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Micronutrient Powders Reduce Anaemia and Iron Deficiency in Infants in Low Income Countries
Adding a powder that contains several vitamins and minerals, including iron, zinc and vitamin A, to the semi-solid foods taken by infants and children between six months and two years of age, can reduce their risk of anaemia and iron deficiency. This is the conclusion of a new Cochrane Systematic Review.
Vitamin and mineral deficiencies, particularly those of iron, vitamin A and zinc, affect more than two billion people worldwide. Infants and young children are highly vulnerable because they grow rapidly and often have diets low in these nutrients. Micronutrient powders are single-dose packets containing multiple vitamins and minerals in powder form that can be sprinkled onto any semi-solid food immediately before eating at home or at any other place. Thus, this intervention is known as home or point of use fortification.
Led by Luz Maria De-Regil, a team of researchers set out to see whether using micronutrient powders could improve the health of young children. They found eight relevant trials that together involved 3748 children living in Asia, Africa and the Caribbean, where anaemia is a public health problem. The studies lasted between two and 12 months and the powder formulations contained between five and 15 nutrients.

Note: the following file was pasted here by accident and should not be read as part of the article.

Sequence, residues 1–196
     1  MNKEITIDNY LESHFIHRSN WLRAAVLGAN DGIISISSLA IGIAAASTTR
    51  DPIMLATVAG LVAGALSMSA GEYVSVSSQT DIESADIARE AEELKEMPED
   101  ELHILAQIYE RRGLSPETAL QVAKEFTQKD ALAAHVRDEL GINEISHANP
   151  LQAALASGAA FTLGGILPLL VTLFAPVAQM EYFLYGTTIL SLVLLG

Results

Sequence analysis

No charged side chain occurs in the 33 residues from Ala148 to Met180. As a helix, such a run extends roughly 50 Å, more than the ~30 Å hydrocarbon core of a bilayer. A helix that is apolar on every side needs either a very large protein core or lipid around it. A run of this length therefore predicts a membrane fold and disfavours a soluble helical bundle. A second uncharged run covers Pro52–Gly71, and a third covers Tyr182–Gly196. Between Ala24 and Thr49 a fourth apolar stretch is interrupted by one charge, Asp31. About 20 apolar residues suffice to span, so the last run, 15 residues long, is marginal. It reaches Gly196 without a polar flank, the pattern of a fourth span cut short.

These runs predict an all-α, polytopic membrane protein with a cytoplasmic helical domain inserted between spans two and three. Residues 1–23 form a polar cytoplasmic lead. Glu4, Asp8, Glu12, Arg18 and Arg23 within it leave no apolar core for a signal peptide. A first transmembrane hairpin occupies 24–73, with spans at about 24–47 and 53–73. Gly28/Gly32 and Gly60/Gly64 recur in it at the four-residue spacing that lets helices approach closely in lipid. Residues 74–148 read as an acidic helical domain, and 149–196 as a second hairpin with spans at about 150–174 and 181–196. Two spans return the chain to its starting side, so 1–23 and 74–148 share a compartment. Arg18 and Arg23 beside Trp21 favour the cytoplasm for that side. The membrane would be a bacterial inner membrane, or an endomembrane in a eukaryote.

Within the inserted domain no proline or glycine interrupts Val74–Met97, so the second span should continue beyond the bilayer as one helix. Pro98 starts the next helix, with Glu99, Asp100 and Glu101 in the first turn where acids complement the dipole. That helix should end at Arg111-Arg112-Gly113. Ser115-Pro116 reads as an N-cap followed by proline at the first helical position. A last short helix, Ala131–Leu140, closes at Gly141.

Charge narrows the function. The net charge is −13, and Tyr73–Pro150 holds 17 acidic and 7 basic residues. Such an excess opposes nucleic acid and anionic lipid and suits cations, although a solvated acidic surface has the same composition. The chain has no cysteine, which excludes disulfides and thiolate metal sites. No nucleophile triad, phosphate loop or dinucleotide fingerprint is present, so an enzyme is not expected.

Overall, home fortification with the micronutrient powders reduced the risk of having anaemia by 31% and iron deficiency by 51% when compared with no intervention or placebo. The team found, however, that there was little or no evidence that this intervention has an effect on growth, survival or overall developmental outcomes. "We still need to know more about possible positive and adverse side effects as only a few trials reported on this," says De-Regil, who is an Epidemiologist at the Department of Nutrition for Health and Development of the World Health Organization in Geneva, Switzerland.
The researchers also found that these powders had a very similar effect to daily iron supplements. However, as they report, “We need to treat this result with caution, however, because there was much less data for this comparison.”
“It seems that micronutrient powders can be helpful for infants and young children aged six to 23 months and living in places that have different amounts of anaemia and malaria, regardless of whether the intervention lasts two, six or 12 months or whether recipients are girls or boys.”. Nonetheless, the authors add a word of caution: “This intervention involves mixing the powders with homemade food as a vehicle, so it is important to assure that basic sanitation is available and food hygiene and handling is done properly with safe water.”
The team believes that we now need more information about the best combination of vitamins and minerals to include in the mix, whether to give it daily or intermittently and for how long to give it to ensure that children receive the maximum benefits.
This review is informing the development of a new WHO guideline that has appeared in the recently launched electronic Library of Evidence of Nutrition Actions (www.who.int/elena).